Strain selection was preformed after consultation with the Campylobacterscientific community resulting in the selection of ten Campylobacter strains that are targeted for genomic sequencing. Analysis of the genomic data will allow for examination of genetic differences, including gross chromosomal changes and individual polymorphisms, and their correlation to disease progression and outcomes caused by this important biodefense agent.
Strains of this species were first isolated from gingival crevices of persons with gingivitis, periodontitis, and periodontosis, but have subsequently been isolated from the feces of patients with gastroenteritis. This strain was isolated in Denmark from the feces of a patient with bloody diarrhea. No sequence is available for this Campylobacter species. The complete genome sequence of this isolate may enable identification of possible mechanisms for the ability of Campylobacter to cause diarrhea and any horizontal transfer events from C. jejuni or C. coli, more common diarrhea-causing Campylobacter species. Perhaps we can determine how this species is emerging as a gastrointestinal infectious agent from the complete genomic sequence.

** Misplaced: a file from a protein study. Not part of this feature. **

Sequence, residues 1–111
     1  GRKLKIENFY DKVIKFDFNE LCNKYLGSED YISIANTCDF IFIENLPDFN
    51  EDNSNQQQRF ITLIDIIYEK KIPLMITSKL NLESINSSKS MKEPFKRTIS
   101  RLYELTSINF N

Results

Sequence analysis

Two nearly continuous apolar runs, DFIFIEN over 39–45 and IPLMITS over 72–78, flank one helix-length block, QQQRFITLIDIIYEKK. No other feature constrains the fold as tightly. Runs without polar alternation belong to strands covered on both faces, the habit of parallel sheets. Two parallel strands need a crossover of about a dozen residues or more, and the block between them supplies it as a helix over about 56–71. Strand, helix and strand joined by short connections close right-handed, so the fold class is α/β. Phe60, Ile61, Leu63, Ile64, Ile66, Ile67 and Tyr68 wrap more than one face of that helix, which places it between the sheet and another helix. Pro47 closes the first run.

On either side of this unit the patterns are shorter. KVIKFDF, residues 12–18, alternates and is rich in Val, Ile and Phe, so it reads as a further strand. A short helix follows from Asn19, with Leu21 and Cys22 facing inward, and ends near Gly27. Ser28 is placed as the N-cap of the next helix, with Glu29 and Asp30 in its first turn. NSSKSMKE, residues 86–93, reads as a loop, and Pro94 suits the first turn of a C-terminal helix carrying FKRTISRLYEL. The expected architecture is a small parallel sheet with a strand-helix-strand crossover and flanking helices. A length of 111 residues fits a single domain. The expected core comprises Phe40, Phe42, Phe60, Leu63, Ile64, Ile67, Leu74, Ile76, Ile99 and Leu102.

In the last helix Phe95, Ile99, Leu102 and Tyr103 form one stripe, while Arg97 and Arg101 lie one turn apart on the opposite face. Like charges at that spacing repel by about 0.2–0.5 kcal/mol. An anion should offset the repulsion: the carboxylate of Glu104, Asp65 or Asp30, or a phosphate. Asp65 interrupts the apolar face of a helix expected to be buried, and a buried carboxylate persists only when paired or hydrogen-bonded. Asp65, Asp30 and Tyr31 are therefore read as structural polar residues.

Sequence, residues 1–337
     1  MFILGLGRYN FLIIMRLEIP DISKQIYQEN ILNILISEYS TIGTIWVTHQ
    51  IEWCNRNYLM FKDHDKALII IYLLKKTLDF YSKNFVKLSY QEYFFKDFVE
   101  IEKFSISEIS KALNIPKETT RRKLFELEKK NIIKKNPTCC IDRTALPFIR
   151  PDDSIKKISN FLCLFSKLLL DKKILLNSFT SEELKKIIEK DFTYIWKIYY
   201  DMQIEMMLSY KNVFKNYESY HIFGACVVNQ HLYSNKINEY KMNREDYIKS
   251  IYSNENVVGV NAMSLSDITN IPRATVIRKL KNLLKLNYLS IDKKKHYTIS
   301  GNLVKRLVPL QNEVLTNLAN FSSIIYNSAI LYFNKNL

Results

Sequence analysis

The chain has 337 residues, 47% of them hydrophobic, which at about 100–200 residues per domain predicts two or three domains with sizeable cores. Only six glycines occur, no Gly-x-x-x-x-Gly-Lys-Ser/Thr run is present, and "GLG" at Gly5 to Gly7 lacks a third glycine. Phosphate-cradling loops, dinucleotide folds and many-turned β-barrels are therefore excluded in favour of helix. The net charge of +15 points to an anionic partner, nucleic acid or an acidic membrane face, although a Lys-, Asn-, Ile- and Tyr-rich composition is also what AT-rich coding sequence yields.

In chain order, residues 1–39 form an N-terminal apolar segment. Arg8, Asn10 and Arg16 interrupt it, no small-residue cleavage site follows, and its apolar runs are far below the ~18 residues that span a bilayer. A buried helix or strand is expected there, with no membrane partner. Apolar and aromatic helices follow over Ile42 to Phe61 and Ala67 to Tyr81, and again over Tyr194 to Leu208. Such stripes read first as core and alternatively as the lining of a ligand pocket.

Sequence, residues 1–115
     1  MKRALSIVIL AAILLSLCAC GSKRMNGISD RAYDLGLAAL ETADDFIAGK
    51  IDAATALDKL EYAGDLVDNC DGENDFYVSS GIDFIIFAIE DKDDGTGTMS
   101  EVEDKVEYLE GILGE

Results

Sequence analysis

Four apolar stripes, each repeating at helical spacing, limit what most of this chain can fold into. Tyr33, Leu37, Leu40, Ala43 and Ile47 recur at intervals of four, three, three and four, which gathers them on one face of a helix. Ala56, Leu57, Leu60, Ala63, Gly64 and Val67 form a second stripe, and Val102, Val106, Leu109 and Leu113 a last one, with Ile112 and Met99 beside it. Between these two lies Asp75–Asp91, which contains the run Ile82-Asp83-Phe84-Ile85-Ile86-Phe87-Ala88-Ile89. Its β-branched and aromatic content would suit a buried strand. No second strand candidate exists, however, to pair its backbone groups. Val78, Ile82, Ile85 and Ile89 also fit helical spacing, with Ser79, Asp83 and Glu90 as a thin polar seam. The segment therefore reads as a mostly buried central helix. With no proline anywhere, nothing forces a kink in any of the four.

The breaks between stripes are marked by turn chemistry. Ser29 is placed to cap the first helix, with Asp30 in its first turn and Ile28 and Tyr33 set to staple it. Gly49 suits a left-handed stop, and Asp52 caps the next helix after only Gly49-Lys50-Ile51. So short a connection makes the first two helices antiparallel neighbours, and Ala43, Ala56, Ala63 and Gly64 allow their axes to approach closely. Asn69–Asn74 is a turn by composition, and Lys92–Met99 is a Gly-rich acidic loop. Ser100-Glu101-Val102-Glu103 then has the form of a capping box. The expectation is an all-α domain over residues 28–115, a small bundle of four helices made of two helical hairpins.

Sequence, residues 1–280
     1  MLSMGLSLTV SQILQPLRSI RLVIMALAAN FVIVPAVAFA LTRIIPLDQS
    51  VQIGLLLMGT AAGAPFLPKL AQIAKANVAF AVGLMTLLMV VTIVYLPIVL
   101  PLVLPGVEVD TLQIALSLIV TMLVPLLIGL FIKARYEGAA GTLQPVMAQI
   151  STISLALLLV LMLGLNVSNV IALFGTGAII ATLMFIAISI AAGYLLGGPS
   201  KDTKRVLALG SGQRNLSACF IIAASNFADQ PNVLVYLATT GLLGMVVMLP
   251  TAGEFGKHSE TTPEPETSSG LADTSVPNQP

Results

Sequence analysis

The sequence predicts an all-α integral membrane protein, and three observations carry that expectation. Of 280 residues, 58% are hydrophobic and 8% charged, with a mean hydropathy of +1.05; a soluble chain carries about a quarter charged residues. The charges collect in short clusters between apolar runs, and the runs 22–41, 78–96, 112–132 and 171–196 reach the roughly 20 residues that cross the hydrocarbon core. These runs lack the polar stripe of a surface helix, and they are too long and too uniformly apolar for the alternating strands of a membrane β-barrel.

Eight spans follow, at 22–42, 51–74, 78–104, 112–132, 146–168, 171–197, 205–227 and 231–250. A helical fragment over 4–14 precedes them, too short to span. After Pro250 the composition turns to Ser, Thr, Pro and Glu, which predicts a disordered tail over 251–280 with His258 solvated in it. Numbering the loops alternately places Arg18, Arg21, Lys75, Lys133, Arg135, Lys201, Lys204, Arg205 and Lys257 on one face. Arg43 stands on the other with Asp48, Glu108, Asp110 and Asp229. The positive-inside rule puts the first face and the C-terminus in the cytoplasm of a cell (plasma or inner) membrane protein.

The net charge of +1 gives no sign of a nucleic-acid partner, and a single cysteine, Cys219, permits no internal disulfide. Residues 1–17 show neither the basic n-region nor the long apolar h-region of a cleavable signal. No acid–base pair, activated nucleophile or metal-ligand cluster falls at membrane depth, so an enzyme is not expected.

|Annotation||Published||On genome records: CP000792.1, CP000794.1, CP000793.1||Oct 24 2007|
|Assembly||Published||AI 3263||Oct 29 2007|
|Sequence||Genome Published||CP000792.1, CP000794.1, CP000793.1||Oct 24 2007|
|Sequence||Previous WGS||AAQZ01000000||Aug 18 2006|
|Taxonomy||Available||Taxonomy ID 360104|
|Trace Archive||Available||20,787 traces|